Critical Perspectives on Management

Module code: MN7097

Module co-ordinator: Professor Martin Parker

Module Outline

This module is an introduction to critical, ethical and political thinking, specifically as it applies to management, business, markets and organizing. Today, concerns over the conduct, but more importantly the basic methods and goals of business and management, have manifested themselves in a widespread and broad-based anti-capitalist movement, as well as ‘Critical Management Studies’ within the business school. Critical concerns about capitalism however, go back at least two hundred years.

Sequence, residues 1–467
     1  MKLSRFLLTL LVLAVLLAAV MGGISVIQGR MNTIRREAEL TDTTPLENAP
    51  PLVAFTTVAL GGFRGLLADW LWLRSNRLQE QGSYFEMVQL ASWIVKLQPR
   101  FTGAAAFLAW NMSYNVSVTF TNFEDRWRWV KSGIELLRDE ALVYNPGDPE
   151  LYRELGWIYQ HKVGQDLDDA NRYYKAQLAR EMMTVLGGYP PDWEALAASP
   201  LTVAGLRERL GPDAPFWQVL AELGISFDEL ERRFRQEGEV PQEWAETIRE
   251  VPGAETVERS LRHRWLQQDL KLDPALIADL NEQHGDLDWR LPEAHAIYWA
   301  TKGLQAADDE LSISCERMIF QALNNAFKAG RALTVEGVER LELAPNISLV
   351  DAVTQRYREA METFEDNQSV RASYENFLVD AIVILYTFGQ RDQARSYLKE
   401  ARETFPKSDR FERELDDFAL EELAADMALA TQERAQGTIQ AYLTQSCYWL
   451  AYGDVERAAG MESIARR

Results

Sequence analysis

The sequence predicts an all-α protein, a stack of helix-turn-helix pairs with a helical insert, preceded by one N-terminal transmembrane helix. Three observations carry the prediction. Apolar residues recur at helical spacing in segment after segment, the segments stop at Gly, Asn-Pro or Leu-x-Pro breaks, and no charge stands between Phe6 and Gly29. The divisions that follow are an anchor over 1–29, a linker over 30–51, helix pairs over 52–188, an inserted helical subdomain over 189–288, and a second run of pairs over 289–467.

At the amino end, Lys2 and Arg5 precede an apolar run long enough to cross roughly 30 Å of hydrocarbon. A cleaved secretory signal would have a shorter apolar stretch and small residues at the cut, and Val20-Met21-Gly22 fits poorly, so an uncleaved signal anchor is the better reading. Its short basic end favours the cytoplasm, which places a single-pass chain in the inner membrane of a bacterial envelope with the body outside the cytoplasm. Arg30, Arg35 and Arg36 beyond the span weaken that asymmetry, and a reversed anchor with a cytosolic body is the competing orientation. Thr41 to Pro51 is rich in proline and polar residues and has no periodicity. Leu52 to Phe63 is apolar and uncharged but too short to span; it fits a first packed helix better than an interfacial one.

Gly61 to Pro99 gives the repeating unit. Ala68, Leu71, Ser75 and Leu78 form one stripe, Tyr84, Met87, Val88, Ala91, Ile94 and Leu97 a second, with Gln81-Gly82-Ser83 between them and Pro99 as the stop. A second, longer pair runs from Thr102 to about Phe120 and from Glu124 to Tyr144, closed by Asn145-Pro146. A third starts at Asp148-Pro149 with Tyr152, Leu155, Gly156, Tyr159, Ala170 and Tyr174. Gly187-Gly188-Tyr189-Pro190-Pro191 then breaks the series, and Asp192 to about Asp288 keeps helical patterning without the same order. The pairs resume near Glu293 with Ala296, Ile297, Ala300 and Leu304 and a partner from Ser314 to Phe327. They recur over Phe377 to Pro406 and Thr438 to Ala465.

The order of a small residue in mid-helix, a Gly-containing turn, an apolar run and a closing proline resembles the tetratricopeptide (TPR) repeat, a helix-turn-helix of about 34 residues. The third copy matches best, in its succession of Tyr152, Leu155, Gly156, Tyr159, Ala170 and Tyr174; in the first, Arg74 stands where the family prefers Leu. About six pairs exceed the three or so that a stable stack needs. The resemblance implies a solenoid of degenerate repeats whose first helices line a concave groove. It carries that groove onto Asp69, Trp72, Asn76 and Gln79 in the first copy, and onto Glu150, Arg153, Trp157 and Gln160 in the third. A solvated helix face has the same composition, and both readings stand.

This module seeks to provide an introduction to this form of thought, with a view to a deeper understanding of the practices of business and management. The goal of the module is not to provide tools for ’better management’, but to try to understand the various ways in which ‘management’, as a social practice, might be understood. This will be done by sketching an historical and theoretical framework to understand industrialism, modernity and capitalism (with particular reference to at least Weber, Marx and Durkheim); contemporary management practice, and then moving on to look at ideas about the future of work, as well as alternatives to corporate capitalism. At the end of this module students should be able to demonstrate their grasp of the historical and political context of business and management practice; as well as showing an increased ability to articulate different viewpoints on the issues raised in the module.


  • 20 one-hour lectures
  • Two one-hour seminars


  • Exam, two hours (100%)